Tattoos have been around in human culture for many thousands of years, some say as early as 5000 BC. The European Otzi tribe is attributed to be among the first. Buried underneath an Alpine glacier, a well preserved Otzi tribal member was discovered beneath the ice. Many parts of his body were covered in tattoos.
Some of the more historic ancestral tattoos can be found among the Maori, Polynesians, Norse and Celts. Although many other cultures historically have tattooing, most people attribute ancestral, or “tribal” tattoos to those four.
Some other notable cultures with a history of tattooing would be the Aborigines, Philippine tribes, Native Americans, Ainu People from Japan, New Guinea, Welsh, Incans and the Mayans.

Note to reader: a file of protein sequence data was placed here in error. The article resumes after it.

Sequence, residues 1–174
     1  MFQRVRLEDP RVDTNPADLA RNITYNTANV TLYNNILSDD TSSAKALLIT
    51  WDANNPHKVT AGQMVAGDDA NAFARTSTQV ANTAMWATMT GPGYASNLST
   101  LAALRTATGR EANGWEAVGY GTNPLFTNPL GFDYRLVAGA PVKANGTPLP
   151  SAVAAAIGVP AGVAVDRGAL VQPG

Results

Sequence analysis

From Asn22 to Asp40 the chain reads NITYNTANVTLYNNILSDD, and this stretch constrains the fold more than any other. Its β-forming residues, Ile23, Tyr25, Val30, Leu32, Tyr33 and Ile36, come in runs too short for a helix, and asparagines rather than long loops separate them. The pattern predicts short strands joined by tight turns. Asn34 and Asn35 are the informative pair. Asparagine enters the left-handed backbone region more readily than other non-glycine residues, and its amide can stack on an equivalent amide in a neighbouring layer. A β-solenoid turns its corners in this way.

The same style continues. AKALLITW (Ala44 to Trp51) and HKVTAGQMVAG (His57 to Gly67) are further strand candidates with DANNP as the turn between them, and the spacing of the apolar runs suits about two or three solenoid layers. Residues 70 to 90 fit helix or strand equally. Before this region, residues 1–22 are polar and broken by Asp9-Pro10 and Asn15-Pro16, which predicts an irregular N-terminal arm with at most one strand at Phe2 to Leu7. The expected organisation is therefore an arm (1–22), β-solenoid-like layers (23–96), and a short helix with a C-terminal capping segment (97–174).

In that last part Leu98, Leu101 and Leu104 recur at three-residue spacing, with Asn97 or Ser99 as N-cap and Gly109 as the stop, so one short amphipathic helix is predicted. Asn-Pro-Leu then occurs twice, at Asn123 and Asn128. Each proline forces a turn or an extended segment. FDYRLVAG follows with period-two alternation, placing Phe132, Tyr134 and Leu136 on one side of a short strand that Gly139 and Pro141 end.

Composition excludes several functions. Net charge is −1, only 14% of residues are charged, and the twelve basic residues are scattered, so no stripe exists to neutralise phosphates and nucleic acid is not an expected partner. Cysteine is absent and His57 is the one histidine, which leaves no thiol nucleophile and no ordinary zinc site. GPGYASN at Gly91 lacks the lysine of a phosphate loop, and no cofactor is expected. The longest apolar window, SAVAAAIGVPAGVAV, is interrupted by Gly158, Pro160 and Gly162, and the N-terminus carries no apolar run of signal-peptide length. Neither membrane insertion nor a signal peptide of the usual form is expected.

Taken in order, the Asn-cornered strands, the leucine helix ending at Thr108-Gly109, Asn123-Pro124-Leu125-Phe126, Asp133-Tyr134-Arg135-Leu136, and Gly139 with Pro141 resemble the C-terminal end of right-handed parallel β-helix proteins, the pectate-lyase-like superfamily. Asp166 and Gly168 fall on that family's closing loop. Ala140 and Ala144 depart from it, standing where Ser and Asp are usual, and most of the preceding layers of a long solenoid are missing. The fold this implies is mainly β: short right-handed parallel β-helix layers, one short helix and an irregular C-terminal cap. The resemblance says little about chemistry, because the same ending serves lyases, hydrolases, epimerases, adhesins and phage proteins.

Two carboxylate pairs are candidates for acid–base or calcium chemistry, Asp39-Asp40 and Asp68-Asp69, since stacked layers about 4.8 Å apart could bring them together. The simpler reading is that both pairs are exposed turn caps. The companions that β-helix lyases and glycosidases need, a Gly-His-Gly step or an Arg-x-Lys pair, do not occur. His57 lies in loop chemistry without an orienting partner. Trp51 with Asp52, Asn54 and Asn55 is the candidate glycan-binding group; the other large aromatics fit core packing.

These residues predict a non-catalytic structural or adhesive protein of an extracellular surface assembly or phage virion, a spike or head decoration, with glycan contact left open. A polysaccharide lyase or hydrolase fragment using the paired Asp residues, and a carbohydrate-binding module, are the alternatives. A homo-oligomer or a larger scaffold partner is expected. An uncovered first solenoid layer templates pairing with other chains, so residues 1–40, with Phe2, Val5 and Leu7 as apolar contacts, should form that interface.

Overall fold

Early tattoos were applied commonly with some sort of stick or rod, with a harder sharp tip, often made of turtle shell, clam/oyster shell, bones, fish bones, thistle and teeth. The end would be tapped into the skin, applying the ink. Some tribes that exist today still use this method.
Ancestral, or “tribal” tattoos often had and still have meaning behind them. A coming of age. A victory over an enemy. A successful hunt. And so on it goes. In some cultures, getting an ancestral tattoo that you have no real connection to is frowned upon. Sometimes the smallest nuance in one of these tattoos symbolizes something much greater than may appear.